Article by Kim Isaacs, MA, CPRW, NCRW
How does your resume look after you hit the "Send" button? While the truth might hurt a bit, it can help explain why your job search isn't exactly humming along as planned. Just ask Amy Fields. When she emailed her resume to 50 employers, she thought she should have been called for at least a few job interviews.
But the phone didn't ring -- not once.
Amy's resume was discarded because of the garbled mess that appeared on her recipients' computer screens. Amy had been pasting her MS Word resume into her email program, causing some formatting features to morph into computer codes and making it cumbersome to read. After Amy learned how to properly email her resume, she started receiving calls for interviews.
Here are guidelines for emailing your resume so that you make the best impression and maximize your resume's response rate:
1. Create an ASCII/Plain Text Resume and Cover Letter.
Your ASCII resume will be stripped of formatting enhancements such as bold and underline, so it won't be as attractive as your word-processed resume. However, it will be universally compatible, allowing you to control its appearance. The ASCII file should contain manual line breaks at 65 characters or less. To convert your file from MS Word:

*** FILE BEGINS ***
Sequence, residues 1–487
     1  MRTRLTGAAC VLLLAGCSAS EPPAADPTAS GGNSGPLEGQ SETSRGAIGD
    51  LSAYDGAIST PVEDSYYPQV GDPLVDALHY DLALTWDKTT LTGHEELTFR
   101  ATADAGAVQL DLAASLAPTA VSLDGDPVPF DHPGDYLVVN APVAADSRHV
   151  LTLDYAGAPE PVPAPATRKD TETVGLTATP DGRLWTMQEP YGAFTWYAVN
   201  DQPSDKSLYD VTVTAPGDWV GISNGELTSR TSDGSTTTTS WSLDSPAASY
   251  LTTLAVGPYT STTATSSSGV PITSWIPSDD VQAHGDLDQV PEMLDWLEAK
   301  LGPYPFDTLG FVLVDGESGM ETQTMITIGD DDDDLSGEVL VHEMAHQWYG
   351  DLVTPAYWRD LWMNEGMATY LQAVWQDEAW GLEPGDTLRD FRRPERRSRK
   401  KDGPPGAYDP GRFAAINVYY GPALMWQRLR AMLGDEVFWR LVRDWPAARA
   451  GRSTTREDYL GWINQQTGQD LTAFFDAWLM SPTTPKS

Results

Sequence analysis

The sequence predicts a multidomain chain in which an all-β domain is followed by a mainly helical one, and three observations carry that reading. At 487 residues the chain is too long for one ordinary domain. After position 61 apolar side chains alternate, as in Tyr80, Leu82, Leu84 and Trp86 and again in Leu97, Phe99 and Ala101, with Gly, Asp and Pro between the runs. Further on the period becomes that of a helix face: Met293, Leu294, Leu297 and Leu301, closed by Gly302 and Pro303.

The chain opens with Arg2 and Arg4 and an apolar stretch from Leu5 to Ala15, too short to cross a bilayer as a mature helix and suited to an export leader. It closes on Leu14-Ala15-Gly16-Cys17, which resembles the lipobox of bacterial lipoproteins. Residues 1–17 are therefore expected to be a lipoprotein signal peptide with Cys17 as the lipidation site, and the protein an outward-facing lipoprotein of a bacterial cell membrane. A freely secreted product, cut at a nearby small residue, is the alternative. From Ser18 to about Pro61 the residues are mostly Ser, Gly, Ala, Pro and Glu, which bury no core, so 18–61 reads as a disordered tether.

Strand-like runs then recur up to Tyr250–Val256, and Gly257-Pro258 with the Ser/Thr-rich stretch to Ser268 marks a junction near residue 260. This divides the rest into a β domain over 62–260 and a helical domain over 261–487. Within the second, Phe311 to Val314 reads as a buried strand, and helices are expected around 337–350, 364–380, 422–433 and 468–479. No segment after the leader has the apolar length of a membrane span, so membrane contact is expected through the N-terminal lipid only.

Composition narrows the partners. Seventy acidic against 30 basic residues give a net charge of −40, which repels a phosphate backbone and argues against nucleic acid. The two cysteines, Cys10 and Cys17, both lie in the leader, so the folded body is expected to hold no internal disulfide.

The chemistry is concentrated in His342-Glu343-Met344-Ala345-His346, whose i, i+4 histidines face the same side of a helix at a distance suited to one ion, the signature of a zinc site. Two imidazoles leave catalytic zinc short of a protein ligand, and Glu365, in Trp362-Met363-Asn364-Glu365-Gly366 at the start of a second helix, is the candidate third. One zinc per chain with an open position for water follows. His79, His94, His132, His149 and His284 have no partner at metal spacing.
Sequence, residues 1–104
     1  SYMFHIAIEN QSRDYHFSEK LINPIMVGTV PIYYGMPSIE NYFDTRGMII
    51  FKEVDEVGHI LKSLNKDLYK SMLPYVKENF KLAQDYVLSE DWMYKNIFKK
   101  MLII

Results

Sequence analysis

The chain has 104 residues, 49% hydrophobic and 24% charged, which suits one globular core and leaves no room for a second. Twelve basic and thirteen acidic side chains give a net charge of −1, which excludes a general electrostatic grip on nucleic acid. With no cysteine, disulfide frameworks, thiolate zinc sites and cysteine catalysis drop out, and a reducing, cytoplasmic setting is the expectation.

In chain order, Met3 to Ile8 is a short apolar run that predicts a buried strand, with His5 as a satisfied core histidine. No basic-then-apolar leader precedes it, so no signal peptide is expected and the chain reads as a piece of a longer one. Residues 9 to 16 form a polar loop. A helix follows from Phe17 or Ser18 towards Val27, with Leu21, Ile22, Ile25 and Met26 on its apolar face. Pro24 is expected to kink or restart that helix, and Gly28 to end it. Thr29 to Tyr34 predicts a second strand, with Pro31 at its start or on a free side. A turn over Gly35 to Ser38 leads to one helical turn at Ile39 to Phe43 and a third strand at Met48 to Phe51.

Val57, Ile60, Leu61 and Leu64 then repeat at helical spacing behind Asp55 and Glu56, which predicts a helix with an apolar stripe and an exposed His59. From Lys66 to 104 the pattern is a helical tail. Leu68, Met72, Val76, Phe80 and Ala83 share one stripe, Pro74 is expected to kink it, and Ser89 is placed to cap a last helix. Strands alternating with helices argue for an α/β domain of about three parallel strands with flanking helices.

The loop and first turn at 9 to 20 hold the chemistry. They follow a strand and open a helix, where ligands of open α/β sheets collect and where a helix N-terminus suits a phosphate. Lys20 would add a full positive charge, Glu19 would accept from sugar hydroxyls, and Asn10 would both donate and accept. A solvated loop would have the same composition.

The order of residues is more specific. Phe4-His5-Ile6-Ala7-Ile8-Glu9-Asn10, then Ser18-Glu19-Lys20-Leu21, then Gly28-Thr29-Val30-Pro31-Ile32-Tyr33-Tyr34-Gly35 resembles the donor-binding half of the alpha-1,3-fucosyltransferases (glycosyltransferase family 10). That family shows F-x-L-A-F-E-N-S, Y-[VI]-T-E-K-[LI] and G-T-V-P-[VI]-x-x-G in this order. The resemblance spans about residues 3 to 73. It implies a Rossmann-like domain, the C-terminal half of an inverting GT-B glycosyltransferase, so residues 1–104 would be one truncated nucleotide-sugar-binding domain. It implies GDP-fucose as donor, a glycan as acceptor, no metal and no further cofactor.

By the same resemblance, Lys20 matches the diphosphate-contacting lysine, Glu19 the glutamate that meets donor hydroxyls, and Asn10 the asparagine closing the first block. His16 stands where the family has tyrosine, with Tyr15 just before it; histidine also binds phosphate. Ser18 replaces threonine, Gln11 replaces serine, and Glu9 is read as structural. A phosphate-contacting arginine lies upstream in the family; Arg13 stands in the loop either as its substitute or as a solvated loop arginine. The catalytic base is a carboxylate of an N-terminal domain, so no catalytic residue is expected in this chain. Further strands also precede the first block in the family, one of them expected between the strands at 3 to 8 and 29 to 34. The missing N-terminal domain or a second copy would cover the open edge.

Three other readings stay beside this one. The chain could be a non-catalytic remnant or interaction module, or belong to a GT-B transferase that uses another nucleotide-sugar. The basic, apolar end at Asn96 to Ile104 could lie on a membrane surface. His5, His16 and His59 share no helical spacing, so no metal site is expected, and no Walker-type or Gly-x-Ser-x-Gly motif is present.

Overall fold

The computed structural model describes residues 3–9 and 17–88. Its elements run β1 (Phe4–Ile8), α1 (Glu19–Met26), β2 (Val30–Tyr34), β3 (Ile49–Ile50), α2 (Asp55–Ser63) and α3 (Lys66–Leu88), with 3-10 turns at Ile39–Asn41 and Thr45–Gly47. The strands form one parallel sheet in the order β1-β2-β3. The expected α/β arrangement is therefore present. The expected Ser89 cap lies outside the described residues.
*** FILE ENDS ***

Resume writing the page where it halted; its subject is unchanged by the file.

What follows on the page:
2. Test the File.
Open the text file, copy and paste into your email message box and send to yourself and a few friends (preferably ones who use different email programs) to ensure that the text transfers as intended.
3. Select an Email Address to be Used Throughout Your Job Search.
Use a personal email address, not one associated with your office, and pick a name that sounds professional.
4. Create the Email Message.
Some employers provide instructions for emailing a resume -- follow these precisely. If no instructions are given, follow these steps: